The Ba'al Shem Tov famously taught: "Every single thing that a person sees or hears, is an instruction to him in his conduct in the service of G‑d."
Instead of having G-d talk to us directly every time He wants to to teach us something, He allows us to learn it when we observe our surroundings and draw lessons from what we see. It's a subtle way of encouraging us to grow in our service of G-d - without the drawback of being overbearing on us. He wants us to connect to Him, not because He forces us, but because we want to.
In this week's parsha, we see the very same theme of learning from what we see. Let's take a look (Numbers 5:11-13, 6:1-3):
The L-rd spoke to Moses, saying: Speak to the children of Israel and say to them: Should any man's wife go astray and deal treacherously with him, and a man lie with her carnally, but it was hidden from her husband's eyes, but she was secluded [with the suspected adulterer] and there was no witness against her, and she was not seized...
The L-rd spoke to Moses, saying: Speak to the children of Israel, and you shall say to them: A man or woman who sets himself apart by making a nazirite vow to abstain for the sake of the L-rd. He shall abstain from new wine and aged wine; he shall not drink [even] vinegar made from new wine or aged wine, nor shall he drink anything in which grapes have been steeped, and he shall eat neither fresh grapes nor dried ones...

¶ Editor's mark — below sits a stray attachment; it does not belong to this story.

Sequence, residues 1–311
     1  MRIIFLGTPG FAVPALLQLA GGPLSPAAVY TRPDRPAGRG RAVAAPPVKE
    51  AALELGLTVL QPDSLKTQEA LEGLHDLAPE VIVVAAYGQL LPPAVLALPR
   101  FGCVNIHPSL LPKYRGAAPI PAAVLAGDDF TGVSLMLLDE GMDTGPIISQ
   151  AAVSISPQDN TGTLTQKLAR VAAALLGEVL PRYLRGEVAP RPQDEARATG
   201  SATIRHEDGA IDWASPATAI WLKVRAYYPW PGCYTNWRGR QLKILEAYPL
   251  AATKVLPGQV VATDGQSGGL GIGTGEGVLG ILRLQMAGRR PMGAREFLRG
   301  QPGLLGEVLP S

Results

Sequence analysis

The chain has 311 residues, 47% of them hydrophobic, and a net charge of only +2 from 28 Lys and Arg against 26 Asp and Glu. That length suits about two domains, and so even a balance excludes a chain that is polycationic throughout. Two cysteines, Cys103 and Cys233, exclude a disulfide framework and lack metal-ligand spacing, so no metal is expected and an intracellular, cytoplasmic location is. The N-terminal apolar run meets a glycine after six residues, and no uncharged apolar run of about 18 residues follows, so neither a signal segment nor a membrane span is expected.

This is how the Torah sets it up. First, it discusses the case of an adulterous wife (in Hebrew: "sotah"), and delineates the procedure with which the husband could test her guilt. Then the Torah turns to a different topic - that of the nazir (one who undertook an oath to abstain from grape products and becoming impure through contact with the dead).
What's the connection? Why talk about the sotah, then about the nazir?
Why is the section dealing with the nazirite juxtaposed to the section of the adulterous woman? To tell us that whoever sees an adulteress in her disgrace should vow to abstain from wine, for it leads to adultery.
Now you know why. By just observing all the drama that would surround a potentially adulterous woman, a person would (or should!) be inspired to do better. He would want to stay far away from such a situation, and if that meant abstaining from wine, so be it.
So this is a lesson for us all. By observing what happens around us, we can draw inspiration for ourselves. We don't need to shlep ourselves all the way to the synagogue and sit through a rabbi's sermon to learn how to serve G-d; we can learn by just opening our eyes and looking at what is in front of us!
All this, of course, depends on one thing: whether you are ready to learn or not.
So, nu, are you ready?
Write your thoughts in the comment area below. And watch the video for an example of this concept in our daily lives!